Friday, October 31, 2014

Does grade matter? Second week of MITx: 11.132x Design and Development of Educational Technology MOOC

Ramón Talavera-Franco

To read week 1 click here      To read week 3 click here      To read week 4 click here      To read week 5 and 6 click here

This week I’ve been kind of disappointed after submitting my assignment to11.132x Design and Development of Educational Technology MOOC because I haven’t received any comment on it. Are assignments important in MOOCs or not?

All of us who have taken MOOCs know the different facts that are involved in submitting an assignment: time invested, research, complying with due dates, and even managing stress. What happens when our assignments are not peer reviewed, or graded?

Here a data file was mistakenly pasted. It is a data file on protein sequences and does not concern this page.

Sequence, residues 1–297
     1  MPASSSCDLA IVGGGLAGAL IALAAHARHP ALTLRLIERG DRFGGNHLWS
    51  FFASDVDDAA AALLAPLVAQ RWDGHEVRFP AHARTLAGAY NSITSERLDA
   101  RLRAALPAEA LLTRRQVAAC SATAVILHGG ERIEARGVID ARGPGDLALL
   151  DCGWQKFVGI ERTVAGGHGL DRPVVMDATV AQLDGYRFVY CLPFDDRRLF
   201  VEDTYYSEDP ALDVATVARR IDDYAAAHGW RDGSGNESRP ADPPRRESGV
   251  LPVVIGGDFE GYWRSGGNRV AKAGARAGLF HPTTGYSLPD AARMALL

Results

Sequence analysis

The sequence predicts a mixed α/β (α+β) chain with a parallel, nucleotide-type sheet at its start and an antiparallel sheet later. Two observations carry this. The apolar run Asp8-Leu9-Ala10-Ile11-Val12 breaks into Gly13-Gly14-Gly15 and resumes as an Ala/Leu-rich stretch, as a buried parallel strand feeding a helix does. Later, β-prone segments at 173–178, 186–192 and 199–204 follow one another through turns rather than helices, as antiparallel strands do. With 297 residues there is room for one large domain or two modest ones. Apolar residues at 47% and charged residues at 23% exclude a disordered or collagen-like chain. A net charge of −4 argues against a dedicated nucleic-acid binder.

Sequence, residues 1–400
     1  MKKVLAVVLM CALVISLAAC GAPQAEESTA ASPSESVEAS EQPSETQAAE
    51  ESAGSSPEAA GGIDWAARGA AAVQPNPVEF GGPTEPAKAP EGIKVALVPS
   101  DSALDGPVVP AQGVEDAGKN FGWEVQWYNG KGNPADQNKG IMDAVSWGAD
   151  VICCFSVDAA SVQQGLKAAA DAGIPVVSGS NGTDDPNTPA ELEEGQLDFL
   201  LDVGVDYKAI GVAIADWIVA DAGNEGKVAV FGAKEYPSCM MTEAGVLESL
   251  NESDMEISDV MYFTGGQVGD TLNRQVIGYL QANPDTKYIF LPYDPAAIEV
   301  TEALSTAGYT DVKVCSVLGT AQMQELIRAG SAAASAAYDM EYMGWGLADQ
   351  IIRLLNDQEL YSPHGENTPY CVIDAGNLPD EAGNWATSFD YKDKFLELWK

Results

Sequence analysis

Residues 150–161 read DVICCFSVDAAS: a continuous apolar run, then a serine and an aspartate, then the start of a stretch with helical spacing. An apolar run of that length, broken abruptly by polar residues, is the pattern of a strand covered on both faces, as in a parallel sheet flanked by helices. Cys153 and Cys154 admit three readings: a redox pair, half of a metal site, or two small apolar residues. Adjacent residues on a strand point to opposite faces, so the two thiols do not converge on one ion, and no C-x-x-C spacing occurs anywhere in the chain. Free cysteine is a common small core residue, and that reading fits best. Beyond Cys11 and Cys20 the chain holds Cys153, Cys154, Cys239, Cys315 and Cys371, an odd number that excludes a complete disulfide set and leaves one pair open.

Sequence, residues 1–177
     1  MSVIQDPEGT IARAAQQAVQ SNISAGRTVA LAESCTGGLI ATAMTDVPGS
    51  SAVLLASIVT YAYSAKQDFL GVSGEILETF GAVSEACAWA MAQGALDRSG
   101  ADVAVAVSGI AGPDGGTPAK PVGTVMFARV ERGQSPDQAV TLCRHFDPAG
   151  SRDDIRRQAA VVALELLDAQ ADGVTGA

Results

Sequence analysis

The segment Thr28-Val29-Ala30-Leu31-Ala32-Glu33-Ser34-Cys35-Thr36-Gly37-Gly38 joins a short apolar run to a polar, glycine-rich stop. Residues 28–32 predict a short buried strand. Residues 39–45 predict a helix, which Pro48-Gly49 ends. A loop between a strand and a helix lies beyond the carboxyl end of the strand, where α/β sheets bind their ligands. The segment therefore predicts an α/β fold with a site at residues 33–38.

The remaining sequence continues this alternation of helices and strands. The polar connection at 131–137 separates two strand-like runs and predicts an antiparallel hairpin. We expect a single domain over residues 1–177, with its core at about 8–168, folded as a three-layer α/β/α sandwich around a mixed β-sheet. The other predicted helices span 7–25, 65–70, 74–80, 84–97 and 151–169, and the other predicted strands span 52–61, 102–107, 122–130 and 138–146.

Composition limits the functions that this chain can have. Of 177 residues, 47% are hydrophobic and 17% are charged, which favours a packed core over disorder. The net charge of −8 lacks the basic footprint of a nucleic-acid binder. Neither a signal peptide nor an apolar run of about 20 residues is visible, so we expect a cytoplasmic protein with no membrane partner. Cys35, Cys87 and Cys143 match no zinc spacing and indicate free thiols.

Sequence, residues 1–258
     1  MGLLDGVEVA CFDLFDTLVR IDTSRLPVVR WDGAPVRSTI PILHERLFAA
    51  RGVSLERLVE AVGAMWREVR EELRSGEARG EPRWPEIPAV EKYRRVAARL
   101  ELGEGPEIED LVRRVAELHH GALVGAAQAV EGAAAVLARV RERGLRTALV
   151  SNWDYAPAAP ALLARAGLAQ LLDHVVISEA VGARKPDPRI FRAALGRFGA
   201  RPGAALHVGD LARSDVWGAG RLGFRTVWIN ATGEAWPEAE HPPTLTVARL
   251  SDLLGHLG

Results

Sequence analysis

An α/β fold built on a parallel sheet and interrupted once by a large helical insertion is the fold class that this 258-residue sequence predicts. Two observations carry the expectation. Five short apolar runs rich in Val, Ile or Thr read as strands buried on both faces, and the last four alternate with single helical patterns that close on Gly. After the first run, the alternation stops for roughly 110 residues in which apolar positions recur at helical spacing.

Thursday, October 23, 2014

Everything old is new again… First week of 11.132x Design and Development of Educational Technology MOOC.

Ramón Talavera Franco
To read week 2 click here.      To read week 3 click here      To read week 4 click here      To read week 5 & 6 click here

Over the next few weeks, I’ll share my experience as a student registered in11.132x Design and Development of Educational Technology MOOC. Designed and taught by Professor Eric Klopfer from MIT, this MOOC discusses the relationship between educational theory and technology. The reason that I’m taking this course is due to my interest in Ed Tech, and my ongoing analysis on MOOCs instructional design and pedagogical approaches. Also, because I’m a doctor of education student at Northeastern University and my doctoral program does not offer a course related to this subject. Hence, this MOOC is an excellent opportunity to explore this topic.

Thursday, October 2, 2014

¿Un MOOC para aprender a trapear?

Ramón Talavera Franco